Umbrina xanti Gill, 1862 R1 - - TEP LC
Polynemidae Polydactylus approximans (Lay & Bennett, 1839) R1 - - TEP LC
Mullidae Mulloidichthys dentatus (Gill, 1862) V, R2 - C TEP LC
Pseudupeneus grandisquamis (Gill, 1863) V, R1 - R TEP LC
Kyphosidae Kyphosus vaigiensis (Quoy & Gaimard, 1825) V, R2 - R EP NE
Kyphosus elegans (Peters, 1869) V, R1, R2 - R TEP LC
Chaetodontidae Chaetodon humeralis Günther, 1860 V, R1, R2 - A EP LC
Johnrandallia nigrirostris Gill, 1862 V, SIO, R2 SIO 70-167 U TEP LC
Pomacanthidae Holocanthus passer Valenciennes, 1846 V, SIO, R2 SIO 70-167 C TEP LC
Pomacanthus zonipectus (Gill, 1862) V, R2 - R TEP LC
Pomacentridae Abudefduf declivifrons (Gill, 1862) V - R TEP LC
Abudefduf troschelii (Gill, 1862) V, R2 - U TEP LC
Chromis atrilobata Gill, 1862 V, SIO, R2 SIO 70-167 U TEP LC
Microspathodon bairdii (Gill, 1862) V, R2 - R TEP LC
Microspathodon dorsalis (Gill, 1862) V, SIO, R2 SIO 70-167 A TEP LC
Stegastes acapulcoensis (Fowler, 1944) V, R2 - A TEP LC
Stegastes flavilatus (Gill, 1862) V, SIO, R2 SIO 70-167 D TEP LC
Stegastes leucorus (Gilbert, 1892) V, R2 - R MEX VU
Stegastes rectifraenum (Gill, 1862) V, R2 - R TEP LC
Cirrhitidae Cirrhitichthys oxycephalus (Bleeker, 1855) V - R TEP NE
Cirrhitus rivulatus Valenciennes, 1846 V - C TEP LC
Mugilidae Mugil curema Valenciennes, 1836 V, R1, R2 - R EP+ATL NE
Chaenomugil proboscideus (Günther, 1861) R1 - - TEP LC
Labridae Bodianus diplotaenia (Gill, 1862) V, SIO, R2 SIO 70-167 C TEP LC
Halichoeres chierchiae Di Caporiacco, 1948 V, R1, R2 - C TEP LC
Halichoeres dispilus (Günther, 1864) V, C, SIO, R2 LEMA-PE93, 127, 128
SIO 70-167
Halichoeres melanotis (Gilbert, 1890) V, R2 - R TEP LC
Halichoeres nicholsi (Jordan & Gilbert, 1882) V, SIO, R2 SIO 70-167 A TEP LC
Halichoeres notospilus (Günther, 1864) V, R2 - U TEP LC
Iniistius pavo (Valenciennes, 1840) C LEMA-PE133 - EP+IP LC
Novaculichthys taeniourus (Lacepède, 1801) V, R2 - R EP+IP LC
Thalassoma grammaticum Gilbert, 1890 V, R2 - R EP+IP LC
Thalassoma lucasanum (Gill, 1862) V, R2 - C TEP LC
Scaridae Nicholsina denticulata (Evermann & Radcliffe, 1917) V, R2 - R EP LC
Scarus ghobban Forsskål, 1775 V, R2 - R EP+IP LC
Scarus perrico Jordan & Gilbert, 1882 V, R2 - R TEP LC
Tripterygiidae Axoclinus storeyae (Brock, 1940) V, C - R MEX LC
Enneanectes carminalis (Jordan & Gilbert, 1882) C, SIO LEMA-PE121
SIO 70-167
Enneanectes glendae Rosenblatt, Miller & Hastings, 2013 V, SIO SIO 70-167 R MEX NE
Enneanectes macrops Rosenblatt, Miller & Hastings, 2013 SIO SIO 70-167 - MEX NE
Dactyloscopidae Dactyloscopus amnis Miller & Briggs, 1962 C LEMA-PE78 - TEP LC
Gillellus arenicola Gilbert, 1890 C LEMA-PE117 - TEP LC
Labrisomidae Labrisomus xanti (Gill, 1860) V - R MEX LC
Malacoctenus ebisui Springer, 1959 V, C, SIO, R2 LEMA-PE100, 107
SIO 70-167
Malacoctenus mexicanus Springer, 1959 C, SIO LEMA-PE98
SIO 70-167
Malacoctenus polyporosus Springer, 1959 V, C LEMA-PE110 R TEP LC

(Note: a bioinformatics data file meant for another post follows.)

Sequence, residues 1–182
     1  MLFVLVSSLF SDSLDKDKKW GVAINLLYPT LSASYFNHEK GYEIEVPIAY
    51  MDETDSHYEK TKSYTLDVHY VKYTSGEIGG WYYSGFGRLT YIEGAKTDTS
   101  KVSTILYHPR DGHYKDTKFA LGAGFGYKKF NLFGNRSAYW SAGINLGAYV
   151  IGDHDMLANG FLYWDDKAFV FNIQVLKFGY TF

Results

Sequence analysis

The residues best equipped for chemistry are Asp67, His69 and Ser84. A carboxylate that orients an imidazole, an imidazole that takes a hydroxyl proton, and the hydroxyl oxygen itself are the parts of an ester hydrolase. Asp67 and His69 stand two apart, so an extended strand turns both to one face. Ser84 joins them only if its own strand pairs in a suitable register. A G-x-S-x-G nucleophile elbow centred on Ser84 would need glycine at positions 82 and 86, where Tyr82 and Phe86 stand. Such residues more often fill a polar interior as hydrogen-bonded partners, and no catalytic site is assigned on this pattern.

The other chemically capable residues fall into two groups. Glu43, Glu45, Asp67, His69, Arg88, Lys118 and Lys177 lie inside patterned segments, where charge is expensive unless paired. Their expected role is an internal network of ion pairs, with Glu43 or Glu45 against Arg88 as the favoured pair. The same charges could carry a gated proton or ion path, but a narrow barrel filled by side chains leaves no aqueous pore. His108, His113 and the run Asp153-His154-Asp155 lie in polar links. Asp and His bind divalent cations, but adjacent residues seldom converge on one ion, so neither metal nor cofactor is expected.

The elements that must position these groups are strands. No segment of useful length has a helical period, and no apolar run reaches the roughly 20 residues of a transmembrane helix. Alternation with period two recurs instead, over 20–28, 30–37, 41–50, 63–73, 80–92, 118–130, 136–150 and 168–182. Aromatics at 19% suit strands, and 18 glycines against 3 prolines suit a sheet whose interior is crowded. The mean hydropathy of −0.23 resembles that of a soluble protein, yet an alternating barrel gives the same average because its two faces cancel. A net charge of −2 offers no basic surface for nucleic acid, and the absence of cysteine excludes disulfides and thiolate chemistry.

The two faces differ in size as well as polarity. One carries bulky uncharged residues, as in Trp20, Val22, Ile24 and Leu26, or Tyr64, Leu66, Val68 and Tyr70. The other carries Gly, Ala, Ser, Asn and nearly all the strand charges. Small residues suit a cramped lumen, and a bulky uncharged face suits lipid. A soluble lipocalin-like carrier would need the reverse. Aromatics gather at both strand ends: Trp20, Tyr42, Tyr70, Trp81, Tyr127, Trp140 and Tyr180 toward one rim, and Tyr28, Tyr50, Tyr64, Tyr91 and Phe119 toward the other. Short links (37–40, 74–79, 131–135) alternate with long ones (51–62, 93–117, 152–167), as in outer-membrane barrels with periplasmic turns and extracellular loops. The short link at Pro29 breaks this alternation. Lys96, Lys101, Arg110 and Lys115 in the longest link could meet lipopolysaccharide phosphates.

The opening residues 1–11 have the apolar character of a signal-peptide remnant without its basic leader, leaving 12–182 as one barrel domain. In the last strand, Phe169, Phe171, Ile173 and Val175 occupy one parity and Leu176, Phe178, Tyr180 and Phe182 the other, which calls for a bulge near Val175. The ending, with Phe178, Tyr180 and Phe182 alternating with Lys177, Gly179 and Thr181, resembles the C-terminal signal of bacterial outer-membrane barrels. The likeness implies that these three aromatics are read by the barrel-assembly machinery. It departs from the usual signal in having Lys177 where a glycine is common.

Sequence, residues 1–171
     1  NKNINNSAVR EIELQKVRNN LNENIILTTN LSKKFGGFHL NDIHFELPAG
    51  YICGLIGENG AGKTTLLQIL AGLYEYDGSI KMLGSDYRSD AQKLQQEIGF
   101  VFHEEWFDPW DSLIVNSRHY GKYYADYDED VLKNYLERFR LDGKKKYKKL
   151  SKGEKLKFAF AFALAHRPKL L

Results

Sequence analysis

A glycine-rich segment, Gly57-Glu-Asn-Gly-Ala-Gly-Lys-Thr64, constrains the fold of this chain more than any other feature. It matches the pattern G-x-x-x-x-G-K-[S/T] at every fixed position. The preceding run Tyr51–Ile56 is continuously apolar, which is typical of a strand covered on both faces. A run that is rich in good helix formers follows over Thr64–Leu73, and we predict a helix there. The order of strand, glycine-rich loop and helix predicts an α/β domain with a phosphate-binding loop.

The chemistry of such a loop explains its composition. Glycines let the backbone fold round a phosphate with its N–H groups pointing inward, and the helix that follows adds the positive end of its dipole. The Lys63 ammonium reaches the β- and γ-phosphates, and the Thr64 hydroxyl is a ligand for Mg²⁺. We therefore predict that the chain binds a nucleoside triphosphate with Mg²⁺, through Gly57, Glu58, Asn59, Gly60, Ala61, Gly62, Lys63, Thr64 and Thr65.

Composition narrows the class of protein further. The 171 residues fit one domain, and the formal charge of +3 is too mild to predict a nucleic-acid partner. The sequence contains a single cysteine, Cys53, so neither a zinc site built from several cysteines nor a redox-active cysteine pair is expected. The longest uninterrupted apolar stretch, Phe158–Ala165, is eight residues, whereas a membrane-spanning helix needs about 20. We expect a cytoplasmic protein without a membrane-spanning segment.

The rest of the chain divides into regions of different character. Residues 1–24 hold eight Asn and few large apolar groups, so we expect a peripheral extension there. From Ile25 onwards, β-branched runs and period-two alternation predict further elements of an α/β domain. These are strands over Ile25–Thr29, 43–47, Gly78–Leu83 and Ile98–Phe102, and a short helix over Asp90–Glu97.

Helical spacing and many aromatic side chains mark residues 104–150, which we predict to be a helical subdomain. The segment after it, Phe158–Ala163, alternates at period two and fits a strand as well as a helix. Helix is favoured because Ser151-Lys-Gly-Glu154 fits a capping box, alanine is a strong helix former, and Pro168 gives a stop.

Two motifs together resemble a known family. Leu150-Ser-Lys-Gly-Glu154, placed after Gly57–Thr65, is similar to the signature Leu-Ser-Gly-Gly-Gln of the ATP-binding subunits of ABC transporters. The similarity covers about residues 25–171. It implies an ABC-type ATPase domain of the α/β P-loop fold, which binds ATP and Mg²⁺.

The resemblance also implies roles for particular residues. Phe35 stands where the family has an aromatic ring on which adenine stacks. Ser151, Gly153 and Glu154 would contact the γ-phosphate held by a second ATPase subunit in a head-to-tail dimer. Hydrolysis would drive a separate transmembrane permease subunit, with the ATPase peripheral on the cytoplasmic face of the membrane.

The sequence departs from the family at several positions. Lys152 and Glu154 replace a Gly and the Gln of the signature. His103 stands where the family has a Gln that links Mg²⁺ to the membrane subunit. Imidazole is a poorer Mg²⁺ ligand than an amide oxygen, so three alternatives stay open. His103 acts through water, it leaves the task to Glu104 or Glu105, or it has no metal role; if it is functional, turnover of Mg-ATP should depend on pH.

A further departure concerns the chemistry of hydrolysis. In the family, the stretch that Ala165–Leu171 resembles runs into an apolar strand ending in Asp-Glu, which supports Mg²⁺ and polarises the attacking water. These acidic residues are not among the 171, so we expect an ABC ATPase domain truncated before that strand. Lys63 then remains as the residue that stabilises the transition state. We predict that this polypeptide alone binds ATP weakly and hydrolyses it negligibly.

Malacoctenus tetranemus (Cope, 1877) C, SIO LEMA-PE96, 109
SIO 70-167
Paraclinus tanygnathus Rosenblatt & Parr, 1969 C LEMA-PE101, 106, 111 - MEX LC
Starksia spinipenis (Al-Uthman, 1960) V, C, SIO LEMA-PE118
SIO 70-167
Chaenopsidae Acanthemblemaria macrospilus Brock, 1940 V, C, R2 LEMA-PE87, 134 R MEX LC
Chaenopsis sp.§ SIO SIO 14-41 - - -
Coralliozetus boehlkei Stephens, 1963 C LEMA-PE84,85 - TEP LC
Ekemblemaria myersi Stephens, 1963 C, SIO LEMA-PE80, 86, 104
SIO 70-167
Emblemaria piratica Ginsburg, 1942 C LEMA-PE81 - TEP LC
Protemblemaria bicirrus (Hildebrand, 1946) C LEMA-PE90, 105 - TEP LC
Blenniidae Entomacrodus chiostictus (Jordan & Gilbert, 1882) C LEMA-PE137 - TEP LC
Hypsoblennius brevipinnis (Günther, 1861) C LEMA-PE89 - TEP LC
Ophioblennius steindachneri Jordan & Evermann, 1898 V, SIO, R2 SIO 70-167 U TEP LC
Plagiotremus azaleus (Jordan & Bollman, 1890) V, SIO, R2 SIO 70-167 R EP LC
Eleotridae Eleotris picta Kner, 1863 R1 - - TEP LC
Gobiomorus maculatus (Günther, 1859) R1 - - TEP LC
Gobiidae Coryphopterus urospilus Ginsburg, 1938 V, SIO, R2 LEMA-PE94
SIO 70-167
Ctenogobius sagittula (Günther, 1862) C LEMA-PE62 - EP LC
Elacatinus puncticulatus (Ginsburg, 1938) V, C, SIO, R2 LEMA-PE88, 116
SIO 70-167
Gymneleotris seminuda (Günther, 1864) V - R TEP LC
Tigrigobius digueti (Pellegrin, 1901) C, SIO LEMA-PE69,83
SIO 70-167
Microdesmidae Microdesmus dipus Günther, 1864 C LEMA-PE66 - TEP DD
Microdesmus dorsipunctatus Dawson, 1968 C LEMA-PE67, 82 - TEP DD
Ephippidae Chaetodipterus zonatus (Girard, 1858) R1 - - EP LC
Zanclidae Zanclus cornutus (Linnaeus, 1758) V, R2 - R EP+IP NE
Acanthuridae Acanthurus xanthopterus Valenciennes, 1835 V, R1 - R EP+IP LC
Prionurus punctatus Gill, 1862 V, R2 - R TEP LC
Sphyraenidae Sphyraena ensis Jordan & Gilbert, 1882 C, R1 LEMA-PE129 - TEP LC
Scombridae Euthynnus lineatus Kishinouye, 1920 V - R EP+IP LC
Paralichthyidae Cyclopsetta sp. C LEMA-PE130 - - -
Etropus crossotus Jordan & Gilbert, 1882 R1 - - EP+ATL NE
Etropus sp. C LEMA-PE123a - - -
Syacium latifrons (Jordan & Gilbert, 1882) SIO SIO 70-238 - TEP LC
Syacium ovale (Günther, 1864) SIO SIO 70-237 - TEP LC
Syacium sp. C LEMA-PE124 - - -
Bothidae Bothus constellatus (Jordan, 1889) SIO SIO 70-237, 238 - EP+IP NE
Monolene dubiosa Garman, 1899 SIO SIO 70-168 - TEP LC
Cynoglossidae Symphurus atramentatus Jordan & Bollman, 1890 SIO SIO 70-237 - TEP LC
Symphurus leei Jordan & Bollman, 1890 C, SIO LEMA-PE122
SIO 70-235
Symphurus melanurus Clark, 1936 C LEMA-PE131 - TEP LC
Symphurus sp. C LEMA-PE123b, 125, 126 - - -
Balistidae Balistes polylepis Steindachner, 1876 V, R2 - R EP+IP LC
Pseudobalistes naufragium (Jordan & Starks, 1895) V, R2 - R TEP LC
Sufflamen verres (Gilbert & Starks, 1904) V, R2 - C TEP LC
Monacanthidae Aluterus scriptus (Osbeck, 1765) V, R2 - R CT NE
Ostraciidae Cantherhines dumerilii (Hollard, 1854) V - R EP+IP NE
Ostracion meleagris Shaw, 1796 V, R2 - R EP+IP NE
Tetraodontidae Arothron hispidus (Linnaeus, 1758) V - R EP+IP NE